Non-alcoholic fatty liver disease (NAFLD) is the most common chronic liver disease worldwide with increasing incidence consistent with obesity, type 2 diabetes and cardiovascular diseases. No approved medication was currently available for NAFLD treatment. Molecular hydrogen (H2 ), an anti-oxidative, anti-inflammatory biomedical agent is proved to exhibit therapeutic and preventive effect in various diseases. The purpose of this study was to investigate the effect of hydrogen/oxygen inhalation on NAFLD subjects and explore the mechanism from the perspective of hepatocyte autophagy. We conducted a randomized, placebo-controlled clinical trial of 13-week hydrogen/oxygen inhalation (China Clinical Trial Registry [#ChiCTR-IIR-16009114]) including 43 subjects. We found that inhalation of hydrogen/oxygen improved serum lipid and liver enzymes. Significantly improved liver fat content detected by ultrasound and CT scans after hydrogen/oxygen inhalation was observed in moderate-severe cases. We also performed an animal experiment based on methionine and choline-deficient (MCD) diet-induced mice model to investigate effect of hydrogen on mouse NASH. Hydrogen/oxygen inhalation improved systemic inflammation and liver histology. Promoted autophagy was observed in mice inhaled hydrogen/oxygen and treatment with chloroquine blocked the beneficial effect of hydrogen. Moreover, molecular hydrogen inhibited lipid accumulation in AML-12 cells. Autophagy induced by palmitic acid (PA) incubation was further promoted by 20% hydrogen incubation. Addition of 3-methyladenine (3-MA) partially blocked the inhibitory effect of hydrogen on intracellular lipid accumulation. Collectively, hydrogen/oxygen inhalation alleviated NAFLD in moderate-severe patients. This protective effect of hydrogen was possibly by activating hepatic autophagy. Keywords: MCD-induced NASH; NAFLD; autoph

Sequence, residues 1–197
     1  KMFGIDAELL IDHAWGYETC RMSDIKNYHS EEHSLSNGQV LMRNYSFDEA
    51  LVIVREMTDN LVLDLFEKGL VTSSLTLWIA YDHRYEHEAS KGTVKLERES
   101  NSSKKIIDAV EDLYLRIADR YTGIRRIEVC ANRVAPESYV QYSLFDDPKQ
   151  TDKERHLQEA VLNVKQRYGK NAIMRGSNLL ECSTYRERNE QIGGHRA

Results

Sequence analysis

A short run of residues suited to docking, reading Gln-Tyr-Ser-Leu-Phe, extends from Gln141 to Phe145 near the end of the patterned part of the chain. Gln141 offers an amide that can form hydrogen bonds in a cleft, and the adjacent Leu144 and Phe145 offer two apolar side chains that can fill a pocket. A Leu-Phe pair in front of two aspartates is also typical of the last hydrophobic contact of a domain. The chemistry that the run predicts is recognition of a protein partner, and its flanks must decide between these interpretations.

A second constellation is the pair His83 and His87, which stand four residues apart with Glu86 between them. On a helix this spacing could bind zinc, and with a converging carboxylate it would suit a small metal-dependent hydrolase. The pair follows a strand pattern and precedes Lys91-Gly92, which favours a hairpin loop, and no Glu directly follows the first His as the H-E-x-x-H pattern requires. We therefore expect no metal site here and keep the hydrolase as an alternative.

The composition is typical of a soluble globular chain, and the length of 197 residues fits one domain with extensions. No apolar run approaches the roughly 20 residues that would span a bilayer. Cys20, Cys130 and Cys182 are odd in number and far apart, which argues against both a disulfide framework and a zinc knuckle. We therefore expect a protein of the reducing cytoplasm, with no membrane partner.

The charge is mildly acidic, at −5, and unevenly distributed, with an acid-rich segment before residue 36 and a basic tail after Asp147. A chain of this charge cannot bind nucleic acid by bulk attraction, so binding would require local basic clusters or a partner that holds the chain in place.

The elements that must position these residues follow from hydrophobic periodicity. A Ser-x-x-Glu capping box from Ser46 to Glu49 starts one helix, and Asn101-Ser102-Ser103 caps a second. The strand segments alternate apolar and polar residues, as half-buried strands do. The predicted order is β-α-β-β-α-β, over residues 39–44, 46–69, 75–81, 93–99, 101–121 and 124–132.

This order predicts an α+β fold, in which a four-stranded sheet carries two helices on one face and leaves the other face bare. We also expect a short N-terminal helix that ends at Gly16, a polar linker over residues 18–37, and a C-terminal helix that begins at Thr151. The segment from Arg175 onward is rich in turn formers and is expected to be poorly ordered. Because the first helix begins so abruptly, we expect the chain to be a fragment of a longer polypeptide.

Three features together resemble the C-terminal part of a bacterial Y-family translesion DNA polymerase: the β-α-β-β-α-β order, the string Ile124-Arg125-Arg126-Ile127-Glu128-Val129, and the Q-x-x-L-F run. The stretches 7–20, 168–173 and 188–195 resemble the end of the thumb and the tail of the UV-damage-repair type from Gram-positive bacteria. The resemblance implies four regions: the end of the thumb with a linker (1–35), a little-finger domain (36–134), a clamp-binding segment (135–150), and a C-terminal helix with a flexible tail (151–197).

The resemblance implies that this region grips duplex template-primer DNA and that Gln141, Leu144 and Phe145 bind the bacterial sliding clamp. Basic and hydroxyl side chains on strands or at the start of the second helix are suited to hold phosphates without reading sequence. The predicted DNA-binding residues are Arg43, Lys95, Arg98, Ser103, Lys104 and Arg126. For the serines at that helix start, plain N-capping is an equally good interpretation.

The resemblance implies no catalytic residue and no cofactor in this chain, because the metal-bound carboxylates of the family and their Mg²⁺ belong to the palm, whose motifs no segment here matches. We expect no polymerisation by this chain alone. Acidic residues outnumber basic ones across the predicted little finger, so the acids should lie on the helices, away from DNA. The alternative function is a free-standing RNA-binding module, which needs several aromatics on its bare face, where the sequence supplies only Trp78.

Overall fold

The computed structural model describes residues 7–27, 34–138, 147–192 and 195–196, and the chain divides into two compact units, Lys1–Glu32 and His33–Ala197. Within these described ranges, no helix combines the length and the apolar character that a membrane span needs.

Objective: Molecular hydrogen (H2) has been considered a potential therapeutic target in many cancers. Therefore, we sought to assess the potential effect of H2 on colorectal cancer (CRC) in this study. Methods: The effect of H2 on the proliferation and apoptosis of RKO, SW480, and HCT116 CRC cell lines was assayed by CCK-8, colony formation, and flow cytometry assays. The effect of H2 on tumor growth was observed in xenograft implantation models (inhalation of 67% hydrogen two hours per day). Western blot and immunohistochemistry analyses were performed to examine the expression of p-PI3K, PI3K, AKT, pAKT, and SCD1 in CRC cell lines and xenograft mouse models. The expression of SCD1 in 491 formalin-fixed, paraffin-embedded CRC specimens was investigated with immunochemistry. The relationship between SCD1 status and clinicopathological characteristics and outcomes was determined. Results: Hydrogen treatment suppressed the proliferation of CRC cell lines independent of apoptosis, and the cell lines showed different responses to different doses of H2. Hydrogen also elicited a potent antitumor effect to reduce CRC tumor volume and weight in vivo. Western blot and IHC staining demonstrated that H2 inhibits CRC cell proliferation by decreasing pAKT/SCD1 levels, and the inhibition of cell proliferation induced by H2 was reversed by the AKT activator SC79. IHC showed that SCD1 expression was significantly higher in CRC tissues than in normal epithelial tissues (70.3% vs. 29.7%, p = 0.02) and was correlated with a more advanced TNM stage (III vs. I + II; 75.9% vs. 66.3%, p = 0.02), lymph node metastasis (with vs. without; 75.9% vs. 66.3%, p = 0.02), and patients without a family history of CRC (78.7% vs. 62.1%, p = 0.047). Conclusion: This study demonstrates that high concentrations of H2 exert an inhibitory effect on CRC by inhibiting the pAKT/SCD1 pathway. Further studies are warranted for clinical evaluation of H2 as SCD1 inhibitor to target CRC.